“Read my lips – if the local football federations do not think this is a good idea for football development in their country, we will not do it. We believe that where we are successful, football around us is successful” - Well, no. The “markets” that the Premier League are looking to exploit are markets in which the domestic leagues desperately need investment. Investment that would be considerably easier to find if hundreds of millions of pounds isn’t spirited away to the Premier League.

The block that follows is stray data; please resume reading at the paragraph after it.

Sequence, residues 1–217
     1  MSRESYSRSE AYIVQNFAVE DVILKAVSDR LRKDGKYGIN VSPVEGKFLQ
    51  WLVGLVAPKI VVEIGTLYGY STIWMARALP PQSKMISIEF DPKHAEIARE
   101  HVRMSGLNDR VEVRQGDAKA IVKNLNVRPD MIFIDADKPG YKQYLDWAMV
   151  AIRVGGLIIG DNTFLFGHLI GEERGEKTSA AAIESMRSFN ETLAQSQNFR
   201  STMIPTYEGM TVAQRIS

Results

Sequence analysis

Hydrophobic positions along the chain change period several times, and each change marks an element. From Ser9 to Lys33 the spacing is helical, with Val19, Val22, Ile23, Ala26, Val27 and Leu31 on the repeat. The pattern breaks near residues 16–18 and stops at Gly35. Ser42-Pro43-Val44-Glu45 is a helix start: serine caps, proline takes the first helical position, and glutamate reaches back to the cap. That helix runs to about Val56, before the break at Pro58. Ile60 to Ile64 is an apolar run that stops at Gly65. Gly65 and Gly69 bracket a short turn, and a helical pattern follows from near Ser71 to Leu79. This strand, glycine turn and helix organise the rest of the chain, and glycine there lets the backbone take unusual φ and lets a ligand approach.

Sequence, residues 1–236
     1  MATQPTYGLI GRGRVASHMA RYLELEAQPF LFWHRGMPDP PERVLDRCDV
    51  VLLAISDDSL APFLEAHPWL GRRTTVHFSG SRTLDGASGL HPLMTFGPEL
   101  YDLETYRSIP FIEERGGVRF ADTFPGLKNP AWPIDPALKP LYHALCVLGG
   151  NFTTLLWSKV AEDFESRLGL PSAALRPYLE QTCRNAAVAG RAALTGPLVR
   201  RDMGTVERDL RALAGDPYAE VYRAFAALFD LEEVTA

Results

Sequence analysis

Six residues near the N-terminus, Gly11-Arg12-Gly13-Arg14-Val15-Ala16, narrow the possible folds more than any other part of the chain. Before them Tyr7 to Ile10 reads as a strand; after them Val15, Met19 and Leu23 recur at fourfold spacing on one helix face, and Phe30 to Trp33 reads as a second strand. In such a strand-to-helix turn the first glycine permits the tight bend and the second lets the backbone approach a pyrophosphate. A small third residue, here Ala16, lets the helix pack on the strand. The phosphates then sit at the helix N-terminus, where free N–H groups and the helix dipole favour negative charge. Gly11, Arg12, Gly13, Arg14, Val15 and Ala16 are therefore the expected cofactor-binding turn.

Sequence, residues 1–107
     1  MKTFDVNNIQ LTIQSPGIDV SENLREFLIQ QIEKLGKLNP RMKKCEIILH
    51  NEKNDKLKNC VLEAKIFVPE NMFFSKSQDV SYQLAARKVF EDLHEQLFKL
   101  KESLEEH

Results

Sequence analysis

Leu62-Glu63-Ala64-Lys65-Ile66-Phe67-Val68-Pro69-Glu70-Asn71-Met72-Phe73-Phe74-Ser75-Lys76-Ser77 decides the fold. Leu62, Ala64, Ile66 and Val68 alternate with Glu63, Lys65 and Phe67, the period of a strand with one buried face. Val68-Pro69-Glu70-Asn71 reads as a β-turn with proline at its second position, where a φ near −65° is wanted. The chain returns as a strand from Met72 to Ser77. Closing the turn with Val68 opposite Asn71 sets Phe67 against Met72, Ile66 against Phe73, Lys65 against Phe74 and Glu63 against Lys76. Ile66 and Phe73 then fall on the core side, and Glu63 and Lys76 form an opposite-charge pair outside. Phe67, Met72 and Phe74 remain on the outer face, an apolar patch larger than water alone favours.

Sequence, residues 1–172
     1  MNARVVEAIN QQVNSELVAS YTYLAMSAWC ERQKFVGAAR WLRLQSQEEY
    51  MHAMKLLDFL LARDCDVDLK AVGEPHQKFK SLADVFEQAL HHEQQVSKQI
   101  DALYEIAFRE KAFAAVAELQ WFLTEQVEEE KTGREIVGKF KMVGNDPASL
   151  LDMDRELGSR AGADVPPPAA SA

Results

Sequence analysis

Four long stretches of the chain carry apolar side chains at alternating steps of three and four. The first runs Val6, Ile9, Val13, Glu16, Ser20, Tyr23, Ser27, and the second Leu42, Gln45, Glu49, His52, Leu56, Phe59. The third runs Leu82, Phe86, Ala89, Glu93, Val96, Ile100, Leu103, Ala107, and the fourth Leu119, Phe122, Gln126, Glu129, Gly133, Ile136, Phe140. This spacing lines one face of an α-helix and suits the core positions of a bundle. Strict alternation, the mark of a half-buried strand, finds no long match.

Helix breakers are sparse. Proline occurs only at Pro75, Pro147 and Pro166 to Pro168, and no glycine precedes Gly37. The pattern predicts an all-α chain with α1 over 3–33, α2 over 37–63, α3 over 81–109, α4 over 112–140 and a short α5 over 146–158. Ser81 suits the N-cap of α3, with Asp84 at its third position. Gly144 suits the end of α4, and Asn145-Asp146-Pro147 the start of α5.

The battle lines, therefore, are being drawn up, and the Premier League is simply not going to give up on this scheme because of opposition from supporters or FIFA. One can only speculate as to why they appear to be so confident of getting the support of national federations, but we can now, presuming that this report is not a fake, at least be certain of where their priorities are in the Brave New World. This, as I have said before, will be the tip of the iceberg. If you support a Premier League club, the question that you should surely be asking yourself is this: if this isn’t the tipping point, what will be? And if it is the tipping point, are you so much in love with your club that you are prepared for your relationship with your club to become an abusive one?